You always hear that words have meaning and power. But how many times have you been told that someone loves you, or been told that someone’s outside only to be alone with no ride and a handful of useless flowers? How many empty sayings or promises have you heard?
There are any different instances in which what you’re hearing or reading isn’t exactly what someone means. In an age where all we look for is the approval of others, conversely, we look to make sure that we’ve approved of something as well. We want to see our names on lists and our comments under pictures. That’s why there are “likes” on Instagram and god forbid someone doesn’t know that we enjoy the landscape picture that looks just slightly different than their last landscape picture. The more we use these words, the harder it is for us to convince everyone that it means the same thing.
Here are just 5 words and phrases that have lost their power over us.
1. Here/I’m here/I’m outside
Let me set the scene for you, as I’m sure you’ve experienced many times before. You’re getting ready to go to a party/concert/dinner/friend’s house, and you’re anxious to leave. You don’t want to be late, and you feel like having fun and not driving later. Your friend who you’re attending withsaid event with said they’d pick you up. You have to be there in about 15 minutes and your friend texts you and says, “Yo, I’m outside.” Sweet, you finally get to get the night started. You make sure your door is locked and you walk outside to see… an empty driveway.
Okay, maybe they’re around the corner…. 5 minutes around the corner… Maybe they died…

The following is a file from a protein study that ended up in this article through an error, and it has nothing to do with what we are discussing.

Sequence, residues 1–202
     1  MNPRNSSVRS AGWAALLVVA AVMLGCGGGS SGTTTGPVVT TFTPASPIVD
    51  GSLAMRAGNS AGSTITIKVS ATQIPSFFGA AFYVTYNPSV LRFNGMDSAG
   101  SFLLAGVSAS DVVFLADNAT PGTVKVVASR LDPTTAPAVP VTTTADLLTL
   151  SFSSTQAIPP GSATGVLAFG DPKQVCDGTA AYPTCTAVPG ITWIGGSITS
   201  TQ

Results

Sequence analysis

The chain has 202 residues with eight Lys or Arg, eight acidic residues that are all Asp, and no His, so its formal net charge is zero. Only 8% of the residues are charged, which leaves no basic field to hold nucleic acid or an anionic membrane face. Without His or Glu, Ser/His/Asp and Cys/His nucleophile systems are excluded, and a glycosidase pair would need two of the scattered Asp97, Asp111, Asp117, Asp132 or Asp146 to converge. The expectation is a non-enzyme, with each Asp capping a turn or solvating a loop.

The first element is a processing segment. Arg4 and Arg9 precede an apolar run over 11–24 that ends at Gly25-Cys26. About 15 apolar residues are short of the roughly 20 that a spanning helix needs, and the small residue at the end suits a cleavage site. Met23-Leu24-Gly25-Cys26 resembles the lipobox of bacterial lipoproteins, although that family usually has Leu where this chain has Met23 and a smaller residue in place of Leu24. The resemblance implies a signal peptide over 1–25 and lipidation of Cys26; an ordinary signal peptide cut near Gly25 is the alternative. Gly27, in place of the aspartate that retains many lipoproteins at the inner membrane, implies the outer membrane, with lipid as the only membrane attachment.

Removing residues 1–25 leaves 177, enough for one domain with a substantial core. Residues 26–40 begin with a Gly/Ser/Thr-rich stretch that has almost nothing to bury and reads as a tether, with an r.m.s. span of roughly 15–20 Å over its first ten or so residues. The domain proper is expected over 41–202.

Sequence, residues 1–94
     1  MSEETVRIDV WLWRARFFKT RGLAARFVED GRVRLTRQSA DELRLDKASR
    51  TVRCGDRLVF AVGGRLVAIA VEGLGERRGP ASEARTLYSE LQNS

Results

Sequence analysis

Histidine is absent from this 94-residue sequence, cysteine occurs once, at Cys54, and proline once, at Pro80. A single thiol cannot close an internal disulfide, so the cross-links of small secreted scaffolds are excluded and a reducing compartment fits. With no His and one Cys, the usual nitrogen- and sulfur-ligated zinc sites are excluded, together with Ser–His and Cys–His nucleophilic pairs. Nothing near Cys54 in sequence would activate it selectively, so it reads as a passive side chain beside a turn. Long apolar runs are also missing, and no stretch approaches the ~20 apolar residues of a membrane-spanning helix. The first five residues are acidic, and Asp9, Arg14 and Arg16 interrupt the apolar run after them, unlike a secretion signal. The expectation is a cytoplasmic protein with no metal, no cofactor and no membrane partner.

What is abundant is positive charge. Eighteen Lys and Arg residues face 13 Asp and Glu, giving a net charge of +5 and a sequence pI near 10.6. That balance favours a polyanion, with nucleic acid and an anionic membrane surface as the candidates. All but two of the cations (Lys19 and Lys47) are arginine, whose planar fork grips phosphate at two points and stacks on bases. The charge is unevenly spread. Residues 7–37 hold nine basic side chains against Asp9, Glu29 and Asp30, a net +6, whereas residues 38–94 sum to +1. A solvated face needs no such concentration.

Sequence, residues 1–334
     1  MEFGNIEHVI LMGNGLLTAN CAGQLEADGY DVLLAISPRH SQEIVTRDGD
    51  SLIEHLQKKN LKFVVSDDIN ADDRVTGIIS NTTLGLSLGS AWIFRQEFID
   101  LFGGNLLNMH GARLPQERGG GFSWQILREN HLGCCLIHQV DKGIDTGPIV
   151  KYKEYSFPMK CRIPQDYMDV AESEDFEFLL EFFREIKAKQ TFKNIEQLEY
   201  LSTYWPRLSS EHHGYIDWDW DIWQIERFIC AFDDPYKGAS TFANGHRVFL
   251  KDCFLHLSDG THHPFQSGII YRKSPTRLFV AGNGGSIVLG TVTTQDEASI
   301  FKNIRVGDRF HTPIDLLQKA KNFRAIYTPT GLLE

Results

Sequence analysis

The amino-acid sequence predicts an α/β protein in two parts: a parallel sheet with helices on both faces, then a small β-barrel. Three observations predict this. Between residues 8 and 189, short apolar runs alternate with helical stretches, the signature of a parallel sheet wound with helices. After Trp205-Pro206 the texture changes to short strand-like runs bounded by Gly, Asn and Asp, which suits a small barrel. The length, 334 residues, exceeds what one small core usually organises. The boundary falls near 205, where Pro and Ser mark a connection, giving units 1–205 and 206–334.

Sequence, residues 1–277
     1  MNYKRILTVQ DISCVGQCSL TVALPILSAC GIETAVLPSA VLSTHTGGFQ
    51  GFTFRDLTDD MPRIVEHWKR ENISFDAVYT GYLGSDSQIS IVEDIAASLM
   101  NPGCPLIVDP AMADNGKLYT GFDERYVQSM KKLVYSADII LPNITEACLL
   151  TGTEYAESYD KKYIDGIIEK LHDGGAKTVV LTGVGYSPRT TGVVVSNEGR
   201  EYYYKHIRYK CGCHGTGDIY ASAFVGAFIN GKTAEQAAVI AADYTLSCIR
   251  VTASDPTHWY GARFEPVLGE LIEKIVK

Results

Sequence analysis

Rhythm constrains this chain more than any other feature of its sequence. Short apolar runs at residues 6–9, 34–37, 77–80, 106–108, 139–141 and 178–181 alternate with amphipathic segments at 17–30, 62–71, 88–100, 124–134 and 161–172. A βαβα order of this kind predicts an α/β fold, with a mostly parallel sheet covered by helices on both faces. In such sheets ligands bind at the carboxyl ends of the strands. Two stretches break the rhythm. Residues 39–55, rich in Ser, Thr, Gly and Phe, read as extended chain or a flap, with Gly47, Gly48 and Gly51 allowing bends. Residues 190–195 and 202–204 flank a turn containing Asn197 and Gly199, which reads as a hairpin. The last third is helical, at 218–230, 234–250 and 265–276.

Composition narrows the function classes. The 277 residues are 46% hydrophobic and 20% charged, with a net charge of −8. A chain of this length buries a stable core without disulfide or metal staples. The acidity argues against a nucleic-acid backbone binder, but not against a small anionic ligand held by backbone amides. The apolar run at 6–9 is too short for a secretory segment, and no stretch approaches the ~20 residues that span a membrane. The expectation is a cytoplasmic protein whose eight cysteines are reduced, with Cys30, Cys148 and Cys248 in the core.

Admit it, you’ve done this at least once before. But why? What benefit does this afford you to text someone other than to annoy them once you’re actually outside their house 15 minutes later. Maybe they were stressed about leaving and rushed outside? It also lets your friend know the degree to which you value their time. How hard is it to just wait and text someone when you’re actually outside of their house? Or better yet, why not avoid the confusion entirely and actually knock on their door when you’re there to pick them up? Unless you feel like being cruel and ding dong ditching them, it’s a full proof way to make sure your friend knows that you’re actually outside.
2. That’s so awesome!
Here’s the Webster definition of awesome; extremely impressive or daunting; inspiring great admiration, apprehension, or fear. Is getting Chik-Fil-A for lunch really awesome? I mean, I understand the significance of getting an A on a midterm. But does that really inspire apprehension or fear? The list of mundane and ordinary items or tasks goes on and on. It really makes me consider how "awesome" your life can really be if getting Girl Scout Cookies is the most awesome part of your day. Not taking anything away from Girl Scout Cookies (Samoas over everything), but I think we can afford to dial it back here a little bit.
Also, think about everything you’ve described as awesome. Tacos, pizza, and puppies have all received that lovely moniker recently. But how can you call tacos awesome and then immediately go to the Grand Canyon and call that awesome? You’re really comparing the two? I mean, you’ve already used awesome on tacos and who knows what else before this incredibly awe-inspiring event, what can you really say about it now? Sounds like a slight vocab quiz is in order. And yes, I understand some things are truly great in the moment, but I think we can collectively adjust this level of thinking and save the awesomeness for things worthy of the word.
3. Literally, blah, blah, blah